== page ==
Saturday, February 17, 2018

When the State is the Only Option

The Libertarian Forum, edited by Murray N. Rothbard; May 1, 1970

When we last left Rothbard’s bi-weekly dialogue through this periodical, he concluded that the New Left was dead, having abandoned any connection to true libertarian objectives such as its anti-war stand.  I remind you of this because the story continues with this edition.

Rothbard identifies several instances of the New Left attacking, occupying, or destroying private property, for example:

Recently, hooliganesses of the Women’s Liberation Movement seized the offices of Grove Press, and issued numerous “demands.”

Grove Press called in the police to carry those female invaders out, and proceeded to charge them with criminal trespass.

This seems to me a reasonable response to the trespass; yet, I know that there is a libertarian objection – one which Rothbard addresses (emphasis added):

But, it might be asked, isn’t it a terrible thing to call in the state police for self-defense?  Certainly not.  While no libertarian enjoys calling on the State for defense, the fact remains that the State had arrogated to itself a compulsory monopoly of the function of police protection.

Let me get this straight: if the State has a “compulsory monopoly” on what would otherwise be a perfectly libertarian-consistent function, Rothbard does not believe that anyone who suggests it is acceptable for a libertarian to utilize the State to carry out that function somehow loses his NAP membership card.

For example, say your house is on fire; it seems it is OK to call the county fire department (thank God).  Or, say you want to get to the department store; it is not a capital offense to drive on public roads (too bad, now I have to go to work next week).  How about if you want to buy a candy bar?  Sure, go ahead and spend those Federal Reserve Notes (there goes the paleo diet). 

So…I have this problem…me and a bunch of my neighbors decide we like the make-up of our neighborhood.  In fact, everyone in the county feels about the same.  We don’t want Commies moving in – not anywhere near us, not anywhere that they can get a foothold in our neighborhood, in our city hall – even in our state capital.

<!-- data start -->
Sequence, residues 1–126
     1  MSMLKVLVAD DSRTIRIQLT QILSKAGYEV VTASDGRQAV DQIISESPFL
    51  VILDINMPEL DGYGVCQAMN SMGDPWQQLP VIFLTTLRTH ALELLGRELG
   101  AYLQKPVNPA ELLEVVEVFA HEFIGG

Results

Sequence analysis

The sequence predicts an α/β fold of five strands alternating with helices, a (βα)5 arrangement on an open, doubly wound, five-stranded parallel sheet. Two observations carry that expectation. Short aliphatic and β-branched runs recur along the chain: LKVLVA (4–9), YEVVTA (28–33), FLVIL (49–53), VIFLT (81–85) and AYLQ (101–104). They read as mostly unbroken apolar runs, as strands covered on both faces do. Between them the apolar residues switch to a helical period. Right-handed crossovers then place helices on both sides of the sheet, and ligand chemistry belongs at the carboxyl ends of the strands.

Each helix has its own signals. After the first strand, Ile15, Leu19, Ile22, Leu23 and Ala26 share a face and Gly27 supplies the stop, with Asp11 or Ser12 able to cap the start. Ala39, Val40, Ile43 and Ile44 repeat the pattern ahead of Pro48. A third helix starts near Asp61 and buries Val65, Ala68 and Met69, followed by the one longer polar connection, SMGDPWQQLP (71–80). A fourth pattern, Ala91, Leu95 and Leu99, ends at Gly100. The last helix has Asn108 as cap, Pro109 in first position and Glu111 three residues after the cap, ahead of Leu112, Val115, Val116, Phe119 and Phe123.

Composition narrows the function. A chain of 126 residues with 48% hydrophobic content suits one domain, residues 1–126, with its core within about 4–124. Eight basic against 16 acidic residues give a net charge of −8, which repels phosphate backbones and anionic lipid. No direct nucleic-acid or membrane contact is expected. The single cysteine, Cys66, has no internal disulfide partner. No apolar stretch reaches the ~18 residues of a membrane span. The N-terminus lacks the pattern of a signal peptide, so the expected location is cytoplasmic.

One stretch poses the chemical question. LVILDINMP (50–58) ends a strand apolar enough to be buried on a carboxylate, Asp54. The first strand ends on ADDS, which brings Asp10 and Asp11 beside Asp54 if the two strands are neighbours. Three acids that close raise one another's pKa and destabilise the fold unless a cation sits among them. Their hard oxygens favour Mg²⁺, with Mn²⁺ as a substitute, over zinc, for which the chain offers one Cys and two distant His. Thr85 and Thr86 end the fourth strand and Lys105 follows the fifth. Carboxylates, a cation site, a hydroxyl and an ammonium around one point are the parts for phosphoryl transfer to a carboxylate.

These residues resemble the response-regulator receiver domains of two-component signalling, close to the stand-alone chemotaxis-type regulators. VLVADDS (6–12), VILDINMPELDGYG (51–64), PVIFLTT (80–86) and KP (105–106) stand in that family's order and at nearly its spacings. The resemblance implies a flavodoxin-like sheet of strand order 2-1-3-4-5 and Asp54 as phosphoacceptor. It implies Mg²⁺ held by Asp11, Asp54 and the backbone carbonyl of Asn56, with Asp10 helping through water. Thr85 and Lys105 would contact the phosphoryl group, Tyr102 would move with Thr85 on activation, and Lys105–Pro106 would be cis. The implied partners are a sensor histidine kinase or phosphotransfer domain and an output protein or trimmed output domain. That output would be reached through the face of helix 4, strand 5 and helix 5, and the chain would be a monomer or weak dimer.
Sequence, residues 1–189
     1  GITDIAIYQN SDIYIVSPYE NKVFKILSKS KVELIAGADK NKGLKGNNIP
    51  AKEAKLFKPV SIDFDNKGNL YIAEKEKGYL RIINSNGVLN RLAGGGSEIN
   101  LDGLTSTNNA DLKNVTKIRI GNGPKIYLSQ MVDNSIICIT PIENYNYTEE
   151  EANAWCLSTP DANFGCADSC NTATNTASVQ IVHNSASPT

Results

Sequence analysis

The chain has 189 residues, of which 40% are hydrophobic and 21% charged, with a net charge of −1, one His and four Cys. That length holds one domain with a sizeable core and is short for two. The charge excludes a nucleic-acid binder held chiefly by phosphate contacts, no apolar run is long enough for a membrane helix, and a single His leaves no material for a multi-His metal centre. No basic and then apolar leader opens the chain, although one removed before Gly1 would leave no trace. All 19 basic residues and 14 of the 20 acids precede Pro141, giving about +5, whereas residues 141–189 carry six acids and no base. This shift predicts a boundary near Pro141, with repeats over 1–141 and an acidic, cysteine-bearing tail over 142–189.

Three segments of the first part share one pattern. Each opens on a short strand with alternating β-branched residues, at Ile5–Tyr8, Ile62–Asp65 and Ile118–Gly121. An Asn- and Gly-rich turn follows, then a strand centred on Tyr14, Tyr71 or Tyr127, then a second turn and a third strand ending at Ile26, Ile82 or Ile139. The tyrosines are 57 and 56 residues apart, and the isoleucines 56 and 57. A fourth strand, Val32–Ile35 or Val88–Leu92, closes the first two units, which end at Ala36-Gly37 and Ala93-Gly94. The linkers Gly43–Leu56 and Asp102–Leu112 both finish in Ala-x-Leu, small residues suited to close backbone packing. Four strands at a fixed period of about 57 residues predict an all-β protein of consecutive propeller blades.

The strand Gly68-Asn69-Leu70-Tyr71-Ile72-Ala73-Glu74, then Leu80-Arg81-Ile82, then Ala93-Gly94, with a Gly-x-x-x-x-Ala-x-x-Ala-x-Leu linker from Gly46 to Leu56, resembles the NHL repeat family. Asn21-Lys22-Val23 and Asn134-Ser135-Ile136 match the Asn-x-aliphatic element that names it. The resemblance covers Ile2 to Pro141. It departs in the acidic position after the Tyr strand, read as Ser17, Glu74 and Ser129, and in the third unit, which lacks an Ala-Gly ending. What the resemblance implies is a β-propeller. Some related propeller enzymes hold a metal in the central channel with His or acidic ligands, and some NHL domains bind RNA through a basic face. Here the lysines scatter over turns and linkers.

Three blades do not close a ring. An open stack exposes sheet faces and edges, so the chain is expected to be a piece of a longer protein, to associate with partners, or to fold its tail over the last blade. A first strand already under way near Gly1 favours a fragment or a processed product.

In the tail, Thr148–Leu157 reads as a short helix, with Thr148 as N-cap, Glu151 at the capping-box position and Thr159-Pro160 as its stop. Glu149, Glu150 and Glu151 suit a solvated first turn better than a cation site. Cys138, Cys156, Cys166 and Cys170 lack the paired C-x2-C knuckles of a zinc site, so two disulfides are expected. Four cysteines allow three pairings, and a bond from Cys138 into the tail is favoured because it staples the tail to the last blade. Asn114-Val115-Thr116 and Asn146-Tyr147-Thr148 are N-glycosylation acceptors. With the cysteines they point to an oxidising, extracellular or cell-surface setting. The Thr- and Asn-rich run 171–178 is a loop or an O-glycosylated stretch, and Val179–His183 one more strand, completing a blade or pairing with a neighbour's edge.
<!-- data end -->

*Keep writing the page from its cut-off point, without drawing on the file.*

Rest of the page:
For goodness’ sakes, they are Commies!

Now, if all property was private, it is perfectly consistent with the non-aggression principle for us to agree to such a thing and enforce it.  But I don’t even need to say “if all property was private.”  Any polity can decide such a thing: no Commies allowed within the geographic area that incorporates all of our homes and businesses and schools (and the roads and parks that we have paid for through taxes).

But…but…but…we have no means to enforce this voluntarily, through private means.  You know why that is; actually, let me allow Rothbard to remind you why:

“…the fact remains that the State had arrogated to itself a compulsory monopoly of the function of police border protection.”

So, I ask…if it is OK to utilize the State for the purpose of protecting private property when the State has taken a monopoly in the function of protecting private property, why is it not OK to utilize the State for the purpose of protecting the private property of me and a few thousand of my neighbors when the State has taken a monopoly in the function of protecting the private property of me and a few thousand of my neighbors?